“Ring the bells that still can ring. Forget your perfect offering.

There is a crack, a crack, in everything.

That’s how the light gets in.”

–Leonard Cohen

The wind picks up above Sunset Lake, caressing and soothing its dirtied shores, knocking Pepsi cans up onto the street away from the water, chanting choruses for a New Jerusalem. Asbury Park, for the past thirty years, has been quietly referred to as the dumping ground of Monmouth County. Beggars and psychotics, unwed mothers and fatherless children walk together down oily streets, always just blocks away from the ocean’s salt. Most in Asbury cannot cover up their true identity. Most cannot afford the Gucci bags, the trips to salons, the Ivy League education. And so, what one sees upon crossing into Asbury, usually over water, is an essence of the human spirit that remains uncovered, remains pure and unadulterated by a white man’s propaganda machine. The children I teach in a local elementary school do not have the ‘right’ shoes, but the smile on their face and a certain gleam in their tired eyes awakens in me that true self silenced by years in Pleasantville.

Adding to this motley crew of humanity is a strange mixture of artists and new bohemians, struggling to grapple for identity in a new era of surveillance and terrorism, under the second Bush administration. These faithful immigrants are drawn by a sense of welcome from these streets, a welcome authored by a young 24 year old poet, choosing to live with every strum of his guitar, promising lonesome days filled with an eschatological sense of hope.

As history progressed, Asbury evolved from the violence of race riots in the seventies to become a haven for the down and out, the rejected of society placed in Asbury not necessarily by choice, but by economic necessity. There was, and is, nowhere else to go.

Growing up ten miles away in an affluent town of northern Monmouth county, I had only heard of Asbury Park, only seen the fear and shame in people’s eyes when they spoke of it ‘never turning around’ while drinking a six dollar cocktail in a ‘hip’ bar in Red Bank. Beyond their alcohol breath, somewhere in between their true heart and the layers of shame they themselves struggle with, lied the racist belief that Asbury Park could only turn around when white people, with picket fences and mutual funds in hand, returned. Luckily, this white bravado is usually not met with much activity, so the state of Asbury, for thirty years, remained the same, until recently.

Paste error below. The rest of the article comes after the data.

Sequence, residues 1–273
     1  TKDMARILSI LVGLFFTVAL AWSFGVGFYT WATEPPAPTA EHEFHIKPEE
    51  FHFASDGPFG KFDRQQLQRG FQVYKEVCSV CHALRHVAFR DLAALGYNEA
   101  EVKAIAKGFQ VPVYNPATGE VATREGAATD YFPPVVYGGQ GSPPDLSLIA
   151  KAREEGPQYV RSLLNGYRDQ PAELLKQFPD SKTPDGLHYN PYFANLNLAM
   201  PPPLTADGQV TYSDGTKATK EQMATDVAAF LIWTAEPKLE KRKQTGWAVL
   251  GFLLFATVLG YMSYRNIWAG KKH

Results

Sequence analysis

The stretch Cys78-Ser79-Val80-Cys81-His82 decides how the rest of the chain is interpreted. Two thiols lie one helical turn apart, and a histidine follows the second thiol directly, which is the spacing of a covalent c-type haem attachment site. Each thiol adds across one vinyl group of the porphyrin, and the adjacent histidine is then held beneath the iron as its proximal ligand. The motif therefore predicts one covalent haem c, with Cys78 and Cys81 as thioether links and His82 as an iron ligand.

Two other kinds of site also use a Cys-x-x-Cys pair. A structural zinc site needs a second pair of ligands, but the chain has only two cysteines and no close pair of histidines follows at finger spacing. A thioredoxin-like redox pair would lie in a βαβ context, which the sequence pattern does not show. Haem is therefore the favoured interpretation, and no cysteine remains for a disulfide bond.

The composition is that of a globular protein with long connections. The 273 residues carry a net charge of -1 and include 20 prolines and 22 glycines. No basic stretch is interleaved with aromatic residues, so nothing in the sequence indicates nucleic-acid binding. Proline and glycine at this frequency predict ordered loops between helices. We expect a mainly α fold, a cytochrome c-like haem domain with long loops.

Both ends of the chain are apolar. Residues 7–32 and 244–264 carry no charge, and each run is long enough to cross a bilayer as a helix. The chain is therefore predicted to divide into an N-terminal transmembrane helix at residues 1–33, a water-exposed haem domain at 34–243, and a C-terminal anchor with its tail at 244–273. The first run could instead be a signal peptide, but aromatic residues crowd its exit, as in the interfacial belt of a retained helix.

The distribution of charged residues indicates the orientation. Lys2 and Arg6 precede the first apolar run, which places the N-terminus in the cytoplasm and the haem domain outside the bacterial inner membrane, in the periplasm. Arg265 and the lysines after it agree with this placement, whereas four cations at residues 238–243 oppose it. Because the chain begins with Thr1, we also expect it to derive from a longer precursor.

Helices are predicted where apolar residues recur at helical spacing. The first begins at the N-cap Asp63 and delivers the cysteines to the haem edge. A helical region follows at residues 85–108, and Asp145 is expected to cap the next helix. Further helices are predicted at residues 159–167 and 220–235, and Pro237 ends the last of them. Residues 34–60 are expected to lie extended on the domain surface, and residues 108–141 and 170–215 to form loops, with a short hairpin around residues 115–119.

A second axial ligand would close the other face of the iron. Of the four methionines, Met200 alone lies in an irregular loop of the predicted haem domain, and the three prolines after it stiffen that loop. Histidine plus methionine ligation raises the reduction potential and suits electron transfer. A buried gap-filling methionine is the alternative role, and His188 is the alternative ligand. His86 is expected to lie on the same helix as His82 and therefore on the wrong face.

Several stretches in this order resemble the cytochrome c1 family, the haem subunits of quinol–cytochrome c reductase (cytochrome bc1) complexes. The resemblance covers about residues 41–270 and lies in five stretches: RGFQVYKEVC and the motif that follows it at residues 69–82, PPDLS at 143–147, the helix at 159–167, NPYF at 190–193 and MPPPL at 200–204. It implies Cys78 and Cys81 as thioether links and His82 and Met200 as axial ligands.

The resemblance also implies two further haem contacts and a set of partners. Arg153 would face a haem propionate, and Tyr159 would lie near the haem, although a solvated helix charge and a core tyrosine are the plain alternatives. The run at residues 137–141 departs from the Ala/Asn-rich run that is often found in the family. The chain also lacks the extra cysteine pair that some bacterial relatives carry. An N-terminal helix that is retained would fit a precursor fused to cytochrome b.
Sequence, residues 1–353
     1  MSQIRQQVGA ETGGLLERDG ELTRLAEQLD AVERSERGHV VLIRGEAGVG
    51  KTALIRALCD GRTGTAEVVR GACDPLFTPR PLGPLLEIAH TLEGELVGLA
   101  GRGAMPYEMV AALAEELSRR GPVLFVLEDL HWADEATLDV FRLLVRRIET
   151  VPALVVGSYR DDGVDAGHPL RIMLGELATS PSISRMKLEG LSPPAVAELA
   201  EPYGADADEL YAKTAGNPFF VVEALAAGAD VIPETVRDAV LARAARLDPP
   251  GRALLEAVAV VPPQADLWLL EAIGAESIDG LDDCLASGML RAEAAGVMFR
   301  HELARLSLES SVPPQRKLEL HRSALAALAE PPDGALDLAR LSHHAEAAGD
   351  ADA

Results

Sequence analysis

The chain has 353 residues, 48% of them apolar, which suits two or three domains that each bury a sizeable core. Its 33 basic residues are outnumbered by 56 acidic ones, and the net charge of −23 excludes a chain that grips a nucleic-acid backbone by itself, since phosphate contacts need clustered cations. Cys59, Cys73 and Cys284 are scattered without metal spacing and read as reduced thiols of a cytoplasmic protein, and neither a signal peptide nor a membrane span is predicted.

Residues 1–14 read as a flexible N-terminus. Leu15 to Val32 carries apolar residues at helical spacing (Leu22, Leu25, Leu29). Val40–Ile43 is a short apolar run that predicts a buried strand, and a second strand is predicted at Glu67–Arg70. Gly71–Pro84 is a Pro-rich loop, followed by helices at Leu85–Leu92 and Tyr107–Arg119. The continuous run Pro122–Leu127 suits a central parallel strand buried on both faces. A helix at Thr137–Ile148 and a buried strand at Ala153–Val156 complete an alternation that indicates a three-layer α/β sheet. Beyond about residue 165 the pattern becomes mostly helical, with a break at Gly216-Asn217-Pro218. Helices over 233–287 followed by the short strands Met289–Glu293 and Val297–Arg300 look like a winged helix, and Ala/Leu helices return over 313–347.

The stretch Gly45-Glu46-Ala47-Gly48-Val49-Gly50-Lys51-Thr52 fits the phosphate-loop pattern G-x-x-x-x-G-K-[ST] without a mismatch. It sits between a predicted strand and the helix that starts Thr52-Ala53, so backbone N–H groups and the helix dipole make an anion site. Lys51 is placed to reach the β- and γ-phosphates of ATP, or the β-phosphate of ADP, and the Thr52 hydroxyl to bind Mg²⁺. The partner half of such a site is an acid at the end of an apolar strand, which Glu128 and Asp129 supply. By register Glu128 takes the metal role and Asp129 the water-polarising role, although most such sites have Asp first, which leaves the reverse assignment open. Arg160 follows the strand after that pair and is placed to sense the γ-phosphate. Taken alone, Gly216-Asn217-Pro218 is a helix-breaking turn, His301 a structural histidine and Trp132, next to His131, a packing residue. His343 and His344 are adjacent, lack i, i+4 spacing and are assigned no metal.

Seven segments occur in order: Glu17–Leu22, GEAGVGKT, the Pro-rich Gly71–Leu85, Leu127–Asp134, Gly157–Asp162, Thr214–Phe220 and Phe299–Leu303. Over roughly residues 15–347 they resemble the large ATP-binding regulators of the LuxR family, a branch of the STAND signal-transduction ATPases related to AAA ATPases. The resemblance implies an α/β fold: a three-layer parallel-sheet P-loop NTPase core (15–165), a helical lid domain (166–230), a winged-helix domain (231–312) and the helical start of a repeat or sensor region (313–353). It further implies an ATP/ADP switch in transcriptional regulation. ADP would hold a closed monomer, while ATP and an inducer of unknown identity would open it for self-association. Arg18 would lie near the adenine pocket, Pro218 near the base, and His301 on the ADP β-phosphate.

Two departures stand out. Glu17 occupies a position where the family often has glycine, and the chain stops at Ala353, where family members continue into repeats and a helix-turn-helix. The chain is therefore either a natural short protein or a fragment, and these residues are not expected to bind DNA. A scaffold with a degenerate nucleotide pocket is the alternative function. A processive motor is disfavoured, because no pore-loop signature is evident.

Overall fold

As these words are written, Asbury is changing, making crawls and at times leaps toward a new identity. While it is still uncertain what this new identity will be, glimpses of hope and maintaining a place of welcome remain. Manhattanites seem to be entering with a surprising respect for the local feel, coming perhaps for recognition that they too belong in this land of hope and dreams, where a fatherless child looks at a bum in a halfway house and the kingdom of mercy prevails over darkness. Maybe these men with steam-pressed suits and shields of fashion come to be recognized not as successful, but as needy, as lovers of salt air and criers for childhood dreams lost to the violence of white business’ fear. Perhaps they come hoping to have to have that lonely and abandoned place somewhere covered deep inside them finally recognized, welcomed with a shout. We all seem to come to feel somehow, in a world of bioshields and consumerism, how to be human.

If there were ever a message that needed to be heard today, Asbury Park, in its present tense, carries this message. It is a loud town, where shouts of welcome might be mistaken for shouts of horror. Asbury Park’s challenge lies in maintaining this sense of authenticity, of refusing to cover up. Like a Good Morning shout from the corner of Cookman and Main to the Corner of Cookman and Mattison, Asbury Park continues to deliver a loud message of mercy to ears that have lived in the lie of wealth. Asbury Park offers us a chance to once again become human.